After ten years of independent growers raising and marketing strawberries, the Orcas Island Berry Growers Association was formed in 1935. That year they made an agreement with the Olympia-based National Fruit Canning Company (NFCC) to build a berry processing plant. The NFCC agreed to provide the plans, building materials, all the electrically operated equipment and to supervise the erection of the plant with the farmers providing the land and the labor to erect the building. The timeline was based on when electricity would reach Orcas Island. With the support of the New Deal’s Rural Electrification Administration (REA), the electrical underwater cable reached the Island in 1938. Glen Rodenberger purchased the half-acre lot just outside Olga at the intersection of Olga and Pt. Lawrence Roads where the building still stands.
In November of 1937, the building materials were brought from Seattle to the Olga dock on the freight boat “Bellana” and trucked to the site. In the early summer of 1938 the plant was ready and processing began. Flats of berries were unloaded from trucks through large side doors of the barreling plant and then weighed on scales that still exist just inside the front door. After going through the washing machine, they were whisked onto a belt where they passed the view of the sorters who removed all imperfect berries. The main producers of the Berry Association were Glen Rodenberger, Oscar Carlson, George Loomis, Henry Leatherwood and Merton Christianson. Together they had more than 450 acres of Marshall Strawberries in the Olga/Doe Bay area.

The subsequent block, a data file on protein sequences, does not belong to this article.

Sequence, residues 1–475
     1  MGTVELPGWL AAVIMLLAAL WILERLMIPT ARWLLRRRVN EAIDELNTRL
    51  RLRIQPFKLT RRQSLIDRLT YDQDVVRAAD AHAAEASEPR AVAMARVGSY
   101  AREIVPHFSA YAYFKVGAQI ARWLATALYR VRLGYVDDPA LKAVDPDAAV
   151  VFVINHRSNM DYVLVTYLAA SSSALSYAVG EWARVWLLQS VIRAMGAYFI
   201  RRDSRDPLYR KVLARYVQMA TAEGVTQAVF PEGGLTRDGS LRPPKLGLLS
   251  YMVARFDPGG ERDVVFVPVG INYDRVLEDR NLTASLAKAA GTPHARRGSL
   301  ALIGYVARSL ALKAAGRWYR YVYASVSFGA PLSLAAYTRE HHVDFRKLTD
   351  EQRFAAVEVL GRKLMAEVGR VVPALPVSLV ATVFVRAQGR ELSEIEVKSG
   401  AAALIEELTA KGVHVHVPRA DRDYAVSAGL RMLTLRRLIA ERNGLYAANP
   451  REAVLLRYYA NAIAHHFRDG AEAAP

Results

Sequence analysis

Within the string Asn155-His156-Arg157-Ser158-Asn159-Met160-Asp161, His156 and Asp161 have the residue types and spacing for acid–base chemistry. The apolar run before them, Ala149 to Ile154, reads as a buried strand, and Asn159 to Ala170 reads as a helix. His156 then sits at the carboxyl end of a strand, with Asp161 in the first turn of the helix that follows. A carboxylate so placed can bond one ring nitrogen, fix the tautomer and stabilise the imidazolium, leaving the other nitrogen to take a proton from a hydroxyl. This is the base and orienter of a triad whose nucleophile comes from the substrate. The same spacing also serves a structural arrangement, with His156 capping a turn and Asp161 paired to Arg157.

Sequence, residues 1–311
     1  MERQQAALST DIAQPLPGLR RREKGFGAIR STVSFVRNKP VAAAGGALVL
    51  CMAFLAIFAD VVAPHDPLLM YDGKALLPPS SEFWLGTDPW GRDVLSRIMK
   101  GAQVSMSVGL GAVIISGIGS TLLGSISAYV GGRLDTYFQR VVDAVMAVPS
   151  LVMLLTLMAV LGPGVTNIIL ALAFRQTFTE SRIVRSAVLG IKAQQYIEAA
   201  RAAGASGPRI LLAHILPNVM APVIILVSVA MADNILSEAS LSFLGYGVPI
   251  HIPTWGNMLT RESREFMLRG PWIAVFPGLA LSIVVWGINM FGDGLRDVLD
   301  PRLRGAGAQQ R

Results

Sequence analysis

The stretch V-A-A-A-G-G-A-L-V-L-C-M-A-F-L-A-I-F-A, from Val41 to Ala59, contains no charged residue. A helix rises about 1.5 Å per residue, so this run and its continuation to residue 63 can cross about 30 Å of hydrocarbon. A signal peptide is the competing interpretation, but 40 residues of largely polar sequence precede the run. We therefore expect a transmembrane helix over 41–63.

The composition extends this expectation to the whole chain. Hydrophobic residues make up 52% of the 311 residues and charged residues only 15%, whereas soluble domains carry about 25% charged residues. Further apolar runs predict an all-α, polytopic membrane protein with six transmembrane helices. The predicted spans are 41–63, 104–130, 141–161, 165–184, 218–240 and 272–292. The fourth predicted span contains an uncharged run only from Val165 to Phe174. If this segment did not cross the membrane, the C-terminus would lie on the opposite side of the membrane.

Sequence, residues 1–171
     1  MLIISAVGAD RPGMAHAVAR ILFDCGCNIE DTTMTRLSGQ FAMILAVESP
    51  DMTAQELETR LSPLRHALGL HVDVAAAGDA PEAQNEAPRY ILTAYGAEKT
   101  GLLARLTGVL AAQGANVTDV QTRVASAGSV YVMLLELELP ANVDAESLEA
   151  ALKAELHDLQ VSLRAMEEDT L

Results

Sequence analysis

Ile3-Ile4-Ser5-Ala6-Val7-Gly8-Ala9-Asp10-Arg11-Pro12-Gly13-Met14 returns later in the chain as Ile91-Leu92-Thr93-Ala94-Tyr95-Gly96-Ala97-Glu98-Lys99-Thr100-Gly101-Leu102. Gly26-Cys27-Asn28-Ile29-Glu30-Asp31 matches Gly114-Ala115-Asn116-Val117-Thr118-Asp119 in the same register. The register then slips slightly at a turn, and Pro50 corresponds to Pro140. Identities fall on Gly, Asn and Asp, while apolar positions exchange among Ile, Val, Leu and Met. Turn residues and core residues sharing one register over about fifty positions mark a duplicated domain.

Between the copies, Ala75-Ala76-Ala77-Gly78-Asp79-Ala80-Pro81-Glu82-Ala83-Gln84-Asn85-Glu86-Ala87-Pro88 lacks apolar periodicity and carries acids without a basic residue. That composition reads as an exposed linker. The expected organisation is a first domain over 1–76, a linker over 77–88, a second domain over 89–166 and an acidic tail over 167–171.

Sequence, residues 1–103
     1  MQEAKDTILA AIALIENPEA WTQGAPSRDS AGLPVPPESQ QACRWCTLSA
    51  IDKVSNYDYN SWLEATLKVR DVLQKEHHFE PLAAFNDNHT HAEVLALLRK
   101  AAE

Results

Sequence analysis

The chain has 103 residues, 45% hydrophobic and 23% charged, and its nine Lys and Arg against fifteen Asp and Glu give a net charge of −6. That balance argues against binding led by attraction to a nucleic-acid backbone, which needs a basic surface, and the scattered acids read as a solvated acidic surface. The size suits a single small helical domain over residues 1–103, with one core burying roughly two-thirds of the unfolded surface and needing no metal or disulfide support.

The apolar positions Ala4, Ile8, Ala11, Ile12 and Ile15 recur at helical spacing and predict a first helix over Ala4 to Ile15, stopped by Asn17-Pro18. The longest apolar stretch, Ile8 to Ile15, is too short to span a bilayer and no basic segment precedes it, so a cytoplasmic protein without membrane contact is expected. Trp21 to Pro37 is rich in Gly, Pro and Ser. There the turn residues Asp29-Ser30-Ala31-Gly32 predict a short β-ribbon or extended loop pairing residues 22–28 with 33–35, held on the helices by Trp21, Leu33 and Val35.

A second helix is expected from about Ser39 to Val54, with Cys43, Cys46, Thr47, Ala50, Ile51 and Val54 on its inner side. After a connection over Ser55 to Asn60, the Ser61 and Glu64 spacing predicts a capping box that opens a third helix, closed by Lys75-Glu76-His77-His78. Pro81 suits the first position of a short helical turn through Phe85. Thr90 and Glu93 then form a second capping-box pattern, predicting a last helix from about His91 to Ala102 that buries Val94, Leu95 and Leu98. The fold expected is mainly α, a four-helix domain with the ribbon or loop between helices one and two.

On October 8, 2004, this historic building was placed on the Washington Heritage Register of Historic Places
We were down, but certainly not out! The front of the historic strawberry barreling building was basically intact; however, the entire east end where the café was located was severely damaged and much of the crafts and artwork within the building were ruined or damaged by smoke and water. The origin of the fire has been labeled "suspicious" and strongly believed to be arson. There is still a $10,000 reward for information leading to a conviction of the person or persons responsible.
See these links for information about the fire and recovery efforts:
Islands Sounder Story 7/22/13